Switzerland probes Uzbek leader's daughter Gulnara Karimova

Gulnara Karimova (file pic Oct 2013) Image copyright Getty Images
Image caption Gulnara Karimova is the eldest daughter of President Islam Karimov who has dominated Uzbekistan since 1989

Prosecutors in Switzerland have opened a money laundering investigation into Gulnara Karimova, the eldest daughter of the president of Uzbekistan.

In a statement, the public prosecutor said she was now part of an inquiry already looking at alleged wrongdoing involving four Uzbeks linked to her.

The investigation involves the business activities of a Swedish telecoms firm.

Ms Karimova, 41, had her diplomatic immunity lifted last year when she lost her post as Uzbek envoy to the UN.

A flamboyant businesswoman as well as a pop star in her home country, she is believed to have broad commercial interests in the Central Asian republic, ruled by her father Islam Karimov for more than two decades.

The public prosecutor revealed on Wednesday that she had been under investigation since September 2013 and that her villa in Cologny, just outside Geneva, had been searched by police the previous month, a few weeks after her immunity was lifted.

Image copyright Getty Images
Image caption As well as being a businesswoman, Gulnara Karimova is also an established pop star in Uzbekistan

She is believed to have left Geneva after her role as permanent UN ambassador there came to an end.

Swiss Attorney General Michael Lauber told Geneva daily Le Temps that Ms Karimova's diplomatic immunity had previously prevented any action from taking place.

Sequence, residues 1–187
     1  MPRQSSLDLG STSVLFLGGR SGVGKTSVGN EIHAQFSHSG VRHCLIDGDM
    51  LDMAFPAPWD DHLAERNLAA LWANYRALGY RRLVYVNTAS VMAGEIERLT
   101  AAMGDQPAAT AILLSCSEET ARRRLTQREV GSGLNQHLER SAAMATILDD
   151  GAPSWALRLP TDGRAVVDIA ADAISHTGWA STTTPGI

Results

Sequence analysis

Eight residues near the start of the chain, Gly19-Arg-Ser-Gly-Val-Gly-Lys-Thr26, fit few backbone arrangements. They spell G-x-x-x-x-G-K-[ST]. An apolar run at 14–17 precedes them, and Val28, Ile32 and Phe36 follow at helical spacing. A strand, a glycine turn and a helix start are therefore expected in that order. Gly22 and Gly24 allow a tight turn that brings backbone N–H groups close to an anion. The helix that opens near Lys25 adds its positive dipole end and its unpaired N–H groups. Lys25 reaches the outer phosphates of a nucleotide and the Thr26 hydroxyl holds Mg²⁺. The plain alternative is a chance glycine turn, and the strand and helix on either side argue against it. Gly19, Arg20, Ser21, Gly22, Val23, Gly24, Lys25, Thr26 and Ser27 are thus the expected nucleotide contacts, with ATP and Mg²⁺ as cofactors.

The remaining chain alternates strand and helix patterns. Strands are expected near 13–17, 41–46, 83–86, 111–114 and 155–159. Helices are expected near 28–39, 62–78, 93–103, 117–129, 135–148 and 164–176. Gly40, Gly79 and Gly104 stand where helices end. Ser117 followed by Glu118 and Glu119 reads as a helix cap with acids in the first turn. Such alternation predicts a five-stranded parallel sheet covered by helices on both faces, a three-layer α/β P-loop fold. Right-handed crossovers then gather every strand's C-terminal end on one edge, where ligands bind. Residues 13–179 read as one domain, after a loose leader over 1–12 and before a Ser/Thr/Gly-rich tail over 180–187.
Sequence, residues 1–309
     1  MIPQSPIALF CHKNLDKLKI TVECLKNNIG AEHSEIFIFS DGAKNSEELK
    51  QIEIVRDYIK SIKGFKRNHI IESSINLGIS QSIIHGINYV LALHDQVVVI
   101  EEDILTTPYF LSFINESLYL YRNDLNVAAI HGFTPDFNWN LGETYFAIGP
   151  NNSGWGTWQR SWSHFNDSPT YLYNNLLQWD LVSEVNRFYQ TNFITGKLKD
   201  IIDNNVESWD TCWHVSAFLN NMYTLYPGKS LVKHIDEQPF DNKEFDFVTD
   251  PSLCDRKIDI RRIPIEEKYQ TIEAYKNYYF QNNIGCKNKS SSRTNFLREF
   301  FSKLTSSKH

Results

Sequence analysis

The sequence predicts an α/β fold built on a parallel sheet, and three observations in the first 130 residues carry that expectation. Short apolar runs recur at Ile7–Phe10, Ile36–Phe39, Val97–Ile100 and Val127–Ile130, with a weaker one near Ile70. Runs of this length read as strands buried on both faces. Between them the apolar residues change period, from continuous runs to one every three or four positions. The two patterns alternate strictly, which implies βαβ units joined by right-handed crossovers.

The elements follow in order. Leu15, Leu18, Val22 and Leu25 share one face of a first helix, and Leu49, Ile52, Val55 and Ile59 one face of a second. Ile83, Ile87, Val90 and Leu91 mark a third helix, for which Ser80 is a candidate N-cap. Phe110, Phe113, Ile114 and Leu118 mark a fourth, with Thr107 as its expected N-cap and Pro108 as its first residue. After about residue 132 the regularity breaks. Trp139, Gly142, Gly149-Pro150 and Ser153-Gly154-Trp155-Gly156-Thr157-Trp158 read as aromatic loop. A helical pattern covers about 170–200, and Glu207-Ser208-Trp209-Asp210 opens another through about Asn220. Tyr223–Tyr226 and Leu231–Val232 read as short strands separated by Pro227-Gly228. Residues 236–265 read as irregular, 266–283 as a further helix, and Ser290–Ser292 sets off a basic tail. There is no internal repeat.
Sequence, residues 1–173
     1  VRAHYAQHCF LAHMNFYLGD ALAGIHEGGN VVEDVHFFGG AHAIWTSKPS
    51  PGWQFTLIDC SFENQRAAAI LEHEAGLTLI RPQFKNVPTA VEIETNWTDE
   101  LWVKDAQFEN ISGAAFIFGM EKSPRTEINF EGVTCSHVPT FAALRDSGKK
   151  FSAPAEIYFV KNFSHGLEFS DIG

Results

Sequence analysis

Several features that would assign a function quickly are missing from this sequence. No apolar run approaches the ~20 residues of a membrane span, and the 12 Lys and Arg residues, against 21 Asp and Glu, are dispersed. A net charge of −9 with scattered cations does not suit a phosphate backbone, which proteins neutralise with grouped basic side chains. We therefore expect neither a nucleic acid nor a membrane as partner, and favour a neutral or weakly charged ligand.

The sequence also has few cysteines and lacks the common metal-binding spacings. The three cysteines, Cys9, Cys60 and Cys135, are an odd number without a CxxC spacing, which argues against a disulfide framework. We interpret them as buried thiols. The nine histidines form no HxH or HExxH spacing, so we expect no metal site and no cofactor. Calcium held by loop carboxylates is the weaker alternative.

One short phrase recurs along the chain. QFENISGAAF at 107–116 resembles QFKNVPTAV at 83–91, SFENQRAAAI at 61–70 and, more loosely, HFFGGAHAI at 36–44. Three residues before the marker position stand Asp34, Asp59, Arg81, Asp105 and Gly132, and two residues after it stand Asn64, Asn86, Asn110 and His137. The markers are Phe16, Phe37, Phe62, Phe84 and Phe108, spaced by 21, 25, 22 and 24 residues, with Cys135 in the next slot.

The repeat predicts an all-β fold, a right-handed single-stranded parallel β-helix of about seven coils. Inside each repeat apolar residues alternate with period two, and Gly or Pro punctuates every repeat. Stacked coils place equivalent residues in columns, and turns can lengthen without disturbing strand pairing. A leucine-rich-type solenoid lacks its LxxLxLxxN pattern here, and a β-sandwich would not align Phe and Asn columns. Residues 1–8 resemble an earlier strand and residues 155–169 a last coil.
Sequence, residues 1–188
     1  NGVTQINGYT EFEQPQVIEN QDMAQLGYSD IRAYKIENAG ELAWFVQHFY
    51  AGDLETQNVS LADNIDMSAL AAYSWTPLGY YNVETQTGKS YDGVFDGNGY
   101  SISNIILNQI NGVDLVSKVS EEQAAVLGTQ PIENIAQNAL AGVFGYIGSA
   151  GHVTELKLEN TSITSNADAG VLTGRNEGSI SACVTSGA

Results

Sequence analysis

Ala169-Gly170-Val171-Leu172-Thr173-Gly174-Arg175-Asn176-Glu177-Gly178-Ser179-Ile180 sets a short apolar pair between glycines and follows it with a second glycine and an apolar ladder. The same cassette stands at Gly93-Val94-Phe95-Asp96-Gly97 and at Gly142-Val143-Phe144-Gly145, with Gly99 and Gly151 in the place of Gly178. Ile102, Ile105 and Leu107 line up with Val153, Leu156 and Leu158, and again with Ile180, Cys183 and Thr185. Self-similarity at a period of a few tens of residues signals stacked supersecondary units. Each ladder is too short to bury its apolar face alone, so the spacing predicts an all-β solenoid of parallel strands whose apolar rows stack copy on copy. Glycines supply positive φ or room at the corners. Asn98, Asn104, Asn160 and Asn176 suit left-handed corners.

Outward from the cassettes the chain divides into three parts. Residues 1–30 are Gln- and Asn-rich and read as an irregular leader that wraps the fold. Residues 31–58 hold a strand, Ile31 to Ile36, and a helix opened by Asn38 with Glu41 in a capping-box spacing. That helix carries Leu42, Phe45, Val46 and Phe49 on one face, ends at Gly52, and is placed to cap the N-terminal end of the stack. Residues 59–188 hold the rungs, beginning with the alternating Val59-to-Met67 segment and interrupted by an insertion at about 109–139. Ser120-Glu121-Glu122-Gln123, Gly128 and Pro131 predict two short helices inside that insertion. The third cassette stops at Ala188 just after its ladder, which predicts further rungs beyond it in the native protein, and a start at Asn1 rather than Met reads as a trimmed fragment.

A sum of 800m Swiss francs (£550m; $910m; 650m euros) has been frozen as part of the inquiry, although the origin of the money is not yet clear, officials say. Several searches have also taken place in France.

Four Uzbek nationals have been under investigation since the summer of 2012. Two were held in custody but released a few months later.

Swedish-Finnish company TeliaSonera, which is partly state-owned, was accused in a 2012 Swedish TV report of paying an intermediary company, Takilant, $300m for 3G mobile phone rights in Uzbekistan.

Although TeliaSonera strongly denied any wrongdoing, the case was taken up by Swedish prosecutors.

The Swiss authorities did not name TeliaSonera in their statement but said their Swedish colleagues were involved in a corruption inquiry linked to various acquisitions made by a "Swedish enterprise" in the Uzbek telecoms market.

In a statement to the BBC, TeliaSonera said: "We are currently co-operating with the preliminary investigation that the Swedish prosecutor is carrying out with the hope that it concludes as soon as possible and with the hope we find out what transpired."

The company had a new board, chairman and chief executive and there had been many changes, it added.

A few months ago, Ms Karimova denied any involvement in the TeliaSonera case.

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